When the first Chinese train pulled into Tehran station after a 14-day haul, Iranian officials hailed a great leap forward.
THE 10,500km (6,500-mile) journey from Yiwu City in eastern China through Kazakhstan, Kyrghyzstan, Uzbekistan and Turkmenistan was sluggish; but when the first Chinese train pulled into Tehran station after a 14-day haul, Iranian officials hailed a great leap forward. “We’re becoming the global hub between east and west,” waxed one minister. By April, when the new trans-Kazakh railroad opens fully, Iranian executives hope to have cut the journey time to China, currently its biggest trade partner, to just eight days—a month less than the sea route takes. Should Turkey get on board, the route might even replace the Suez Canal as a primary Chinese and Iranian route to Europe. Iranian companies will no longer be limited to an 80m-strong local market, President Hassan Rohani’s advisers anticipate, but will be connected to the EU’s 500m.
Other rail links are coming down the line, too. Within six months, Abbas Akhoundi, Iran’s British-trained transport minister, will open a track to Afghanistan’s mines, and ship minerals to India via a revamped south-eastern port, Chabahar, bypassing Pakistan. Within two years, Iran will have built a bridge over the Shatt-al-Arab river into Iraq and into the Fertile Crescent, he says. Fresh track will open the way through Azerbaijan to Russia and the Central Asian republics. “When we were inward we had poor cross-border links,” says Mr Akhoundi. “If we want to be outward-looking we need to improve them accordingly.” Iran also plans to more than double its internal 10,000km rail network over the next decade and replace the rolling stock that trundles at 90kph with high-speed trains on electrified lines. Once complete, the 420km journey to Isfahan would take 90 minutes, and the 920 km trip to Mashhad less than six hours.
Comfortingly, railways seem to be one sector where reformists and hardliners suspend their infighting. Billboards in Tehran proclaim the Supreme Leader’s passion for trains. The Revolutionary Guards favour outreach to China, and like the prospect that the government might devote its energies to the transport industry, rather than offering foreigners contracts in the oilfields they consider their cash cow. Despite its conservative flavour, the last parliament extended lavish benefits to private investment in transport, including a ten-year tax break.
The hitch, of course, is finance. In Iran’s sixth five-year plan, now awaiting parliamentary approval, Mr Akhoundi wants to spend $28 billion on railways, $20 billion on roads, $50 billion on upgrading the country’s Shah-era air fleet and $7 billion on airports (including an extension to Tehran’s main airport, Imam Khomeini, so that the largest modern airliners can land there). Yet given the low oil price, his government can barely pay public-sector salaries, let alone fund infrastructure development. So it has been wooing foreign investors instead. It seems to be working. To finance the Mashhad line, China has reportedly offered a $2 billion loan, apparently underwritten by Iranian oil proceeds it had frozen during the time of sanctions. South Korea is exploring a similar deal. And while Italians recently waited in the wings, French rail executives, model trains in hand, paced Parisian hotel corridors to greet Mr Rohani on the first trip by an Iranian president to Europe for 17 years. But with most foreign banks too fearful of American fines to engage, raising credit remains troublesome.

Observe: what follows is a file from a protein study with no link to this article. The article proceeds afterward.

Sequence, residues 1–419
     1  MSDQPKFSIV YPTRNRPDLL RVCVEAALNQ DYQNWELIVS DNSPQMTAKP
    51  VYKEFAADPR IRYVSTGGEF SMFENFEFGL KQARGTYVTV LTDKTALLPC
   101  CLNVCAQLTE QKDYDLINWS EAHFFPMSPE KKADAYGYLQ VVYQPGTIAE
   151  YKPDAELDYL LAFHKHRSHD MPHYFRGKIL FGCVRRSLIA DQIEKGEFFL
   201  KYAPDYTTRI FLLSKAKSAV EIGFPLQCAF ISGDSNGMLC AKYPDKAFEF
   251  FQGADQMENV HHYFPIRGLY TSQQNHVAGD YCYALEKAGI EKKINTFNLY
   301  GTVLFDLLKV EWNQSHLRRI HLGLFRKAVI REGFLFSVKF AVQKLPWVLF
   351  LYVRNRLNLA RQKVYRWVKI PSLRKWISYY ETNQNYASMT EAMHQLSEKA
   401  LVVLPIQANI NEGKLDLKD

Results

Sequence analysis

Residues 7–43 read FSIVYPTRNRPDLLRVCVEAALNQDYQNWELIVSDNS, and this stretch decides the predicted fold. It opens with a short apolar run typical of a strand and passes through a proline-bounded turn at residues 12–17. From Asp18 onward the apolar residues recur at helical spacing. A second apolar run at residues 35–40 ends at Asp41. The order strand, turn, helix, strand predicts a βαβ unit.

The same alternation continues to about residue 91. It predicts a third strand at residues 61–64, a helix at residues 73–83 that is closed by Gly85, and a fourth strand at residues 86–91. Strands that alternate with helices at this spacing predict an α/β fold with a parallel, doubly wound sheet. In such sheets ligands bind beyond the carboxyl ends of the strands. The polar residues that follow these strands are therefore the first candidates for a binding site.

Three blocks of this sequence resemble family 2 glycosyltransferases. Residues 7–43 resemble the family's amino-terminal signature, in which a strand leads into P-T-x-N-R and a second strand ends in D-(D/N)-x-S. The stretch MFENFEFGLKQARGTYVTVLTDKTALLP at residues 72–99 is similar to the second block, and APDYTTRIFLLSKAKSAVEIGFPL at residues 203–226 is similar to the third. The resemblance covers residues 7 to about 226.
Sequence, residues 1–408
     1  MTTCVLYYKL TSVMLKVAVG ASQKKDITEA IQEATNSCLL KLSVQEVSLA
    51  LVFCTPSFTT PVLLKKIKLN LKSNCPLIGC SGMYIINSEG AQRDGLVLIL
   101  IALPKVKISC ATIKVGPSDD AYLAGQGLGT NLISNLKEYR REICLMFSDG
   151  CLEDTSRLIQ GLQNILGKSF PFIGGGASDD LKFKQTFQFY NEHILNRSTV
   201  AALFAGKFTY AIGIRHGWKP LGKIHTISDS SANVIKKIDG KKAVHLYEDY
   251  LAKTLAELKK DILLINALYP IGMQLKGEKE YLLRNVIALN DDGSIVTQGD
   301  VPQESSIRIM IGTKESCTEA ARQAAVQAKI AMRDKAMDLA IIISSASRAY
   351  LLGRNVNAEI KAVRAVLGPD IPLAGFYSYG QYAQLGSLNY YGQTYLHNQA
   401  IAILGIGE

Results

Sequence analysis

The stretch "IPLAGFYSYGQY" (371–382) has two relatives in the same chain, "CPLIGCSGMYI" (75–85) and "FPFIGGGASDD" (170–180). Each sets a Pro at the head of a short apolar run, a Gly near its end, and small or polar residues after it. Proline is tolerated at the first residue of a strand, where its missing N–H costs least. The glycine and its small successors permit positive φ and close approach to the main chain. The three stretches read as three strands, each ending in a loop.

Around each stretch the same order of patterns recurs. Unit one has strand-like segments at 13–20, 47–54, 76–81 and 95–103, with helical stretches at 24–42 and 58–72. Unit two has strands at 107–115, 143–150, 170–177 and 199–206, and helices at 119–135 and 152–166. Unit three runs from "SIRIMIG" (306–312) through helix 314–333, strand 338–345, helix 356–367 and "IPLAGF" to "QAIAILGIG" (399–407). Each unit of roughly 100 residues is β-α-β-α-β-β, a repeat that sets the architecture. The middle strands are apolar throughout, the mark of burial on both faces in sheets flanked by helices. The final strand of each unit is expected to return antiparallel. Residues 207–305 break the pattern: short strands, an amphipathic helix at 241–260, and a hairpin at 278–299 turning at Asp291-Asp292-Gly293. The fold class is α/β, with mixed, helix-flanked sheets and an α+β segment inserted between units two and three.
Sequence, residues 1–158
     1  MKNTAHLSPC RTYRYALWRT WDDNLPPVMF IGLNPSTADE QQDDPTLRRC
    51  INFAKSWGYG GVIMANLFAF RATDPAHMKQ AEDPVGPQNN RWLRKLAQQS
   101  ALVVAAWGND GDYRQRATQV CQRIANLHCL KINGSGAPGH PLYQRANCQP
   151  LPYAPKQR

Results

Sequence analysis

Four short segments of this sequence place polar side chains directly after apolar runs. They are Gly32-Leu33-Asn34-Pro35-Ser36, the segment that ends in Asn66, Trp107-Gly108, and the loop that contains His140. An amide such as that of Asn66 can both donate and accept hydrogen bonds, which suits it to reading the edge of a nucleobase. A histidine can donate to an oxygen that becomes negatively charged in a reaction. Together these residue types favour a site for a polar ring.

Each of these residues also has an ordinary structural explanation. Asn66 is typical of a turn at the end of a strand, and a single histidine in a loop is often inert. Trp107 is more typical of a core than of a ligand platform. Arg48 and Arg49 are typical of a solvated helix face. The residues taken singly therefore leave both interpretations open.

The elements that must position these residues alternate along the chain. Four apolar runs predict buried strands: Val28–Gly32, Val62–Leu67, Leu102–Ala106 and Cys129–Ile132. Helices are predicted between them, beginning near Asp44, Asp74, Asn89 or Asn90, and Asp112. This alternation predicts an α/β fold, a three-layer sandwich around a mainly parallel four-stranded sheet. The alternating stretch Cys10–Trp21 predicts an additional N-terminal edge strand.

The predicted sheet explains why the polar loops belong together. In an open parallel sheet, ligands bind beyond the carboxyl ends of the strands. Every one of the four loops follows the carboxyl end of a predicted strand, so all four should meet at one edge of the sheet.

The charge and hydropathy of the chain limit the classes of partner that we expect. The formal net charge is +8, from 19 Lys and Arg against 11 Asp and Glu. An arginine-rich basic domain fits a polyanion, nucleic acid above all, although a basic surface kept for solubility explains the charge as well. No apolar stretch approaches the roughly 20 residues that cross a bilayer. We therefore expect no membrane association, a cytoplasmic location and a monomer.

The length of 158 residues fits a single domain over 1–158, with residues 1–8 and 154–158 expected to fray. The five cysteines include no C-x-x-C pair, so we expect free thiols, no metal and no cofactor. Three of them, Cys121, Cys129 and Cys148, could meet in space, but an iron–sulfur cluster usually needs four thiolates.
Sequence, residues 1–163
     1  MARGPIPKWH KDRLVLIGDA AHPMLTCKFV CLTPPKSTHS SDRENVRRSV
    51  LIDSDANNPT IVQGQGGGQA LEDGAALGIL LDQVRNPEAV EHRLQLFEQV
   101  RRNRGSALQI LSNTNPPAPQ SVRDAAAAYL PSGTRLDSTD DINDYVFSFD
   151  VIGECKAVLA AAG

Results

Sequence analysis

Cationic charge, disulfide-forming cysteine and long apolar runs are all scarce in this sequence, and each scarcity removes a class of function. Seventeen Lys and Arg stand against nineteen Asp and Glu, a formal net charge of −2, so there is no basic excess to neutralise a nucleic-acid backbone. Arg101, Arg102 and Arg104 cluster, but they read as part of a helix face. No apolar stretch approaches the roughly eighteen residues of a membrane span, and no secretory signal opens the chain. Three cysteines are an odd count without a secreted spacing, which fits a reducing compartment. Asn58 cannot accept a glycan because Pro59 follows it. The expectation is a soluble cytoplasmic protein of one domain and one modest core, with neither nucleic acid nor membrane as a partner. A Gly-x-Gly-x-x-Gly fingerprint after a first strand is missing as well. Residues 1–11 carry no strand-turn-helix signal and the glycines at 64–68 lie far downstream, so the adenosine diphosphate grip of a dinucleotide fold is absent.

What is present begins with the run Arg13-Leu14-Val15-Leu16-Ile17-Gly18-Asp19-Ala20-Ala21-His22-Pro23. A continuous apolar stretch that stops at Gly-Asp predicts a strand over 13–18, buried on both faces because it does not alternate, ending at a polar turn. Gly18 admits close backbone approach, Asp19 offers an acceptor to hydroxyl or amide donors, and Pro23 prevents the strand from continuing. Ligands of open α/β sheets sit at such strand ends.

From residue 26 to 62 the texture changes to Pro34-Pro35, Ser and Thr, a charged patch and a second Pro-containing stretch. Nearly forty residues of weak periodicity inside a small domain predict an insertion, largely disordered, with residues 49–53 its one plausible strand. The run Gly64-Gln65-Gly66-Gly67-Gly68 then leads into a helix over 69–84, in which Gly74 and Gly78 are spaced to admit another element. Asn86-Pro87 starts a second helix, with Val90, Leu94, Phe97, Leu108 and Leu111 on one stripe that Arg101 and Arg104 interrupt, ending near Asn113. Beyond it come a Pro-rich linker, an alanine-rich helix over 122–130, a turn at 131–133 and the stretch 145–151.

A “silk rail” between east and west will also require better relations with neighbours who fear Iran’s post-sanctions rebound. “The nuclear deal has proved a double-edged sword,” bemoans a member of Iran’s Chamber of Commerce; “while relations have improved with the West, they have deteriorated closer to home.” Russia suspects Iran will become a challenger to its dominance of regional markets. And the United Arab Emirates, which backs Saudi Arabia in the region’s sectarian showdown, fears that Iran—with its many tourist attractions—might challenge its role as a global hub.
Much will depend on Mr Rohani’s diplomatic skills. Turkey’s prime minister, Ahmet Davutoglu, visited Tehran on March 4th with six ministers and discussed a high-speed rail link which might bridge Lake Van to usher in a “golden age” and triple bilateral trade, despite arguments over Syria. But should tensions persist, Iran is also exploring the seas. In February, an Iranian cargo of petrochemicals arrived in Antwerp, from the first Iranian ship to offload in Europe for six years. IRISL, the national shipping line, has plans to ship to the Far East, Oman and eventually the Americas; it hopes to enlarge its 160-strong fleet by floating some of its stock by the end of this year. Iran Air might go the same way after two years of restructuring, says the transport minister. Get ready for Iran’s reconnection with the world.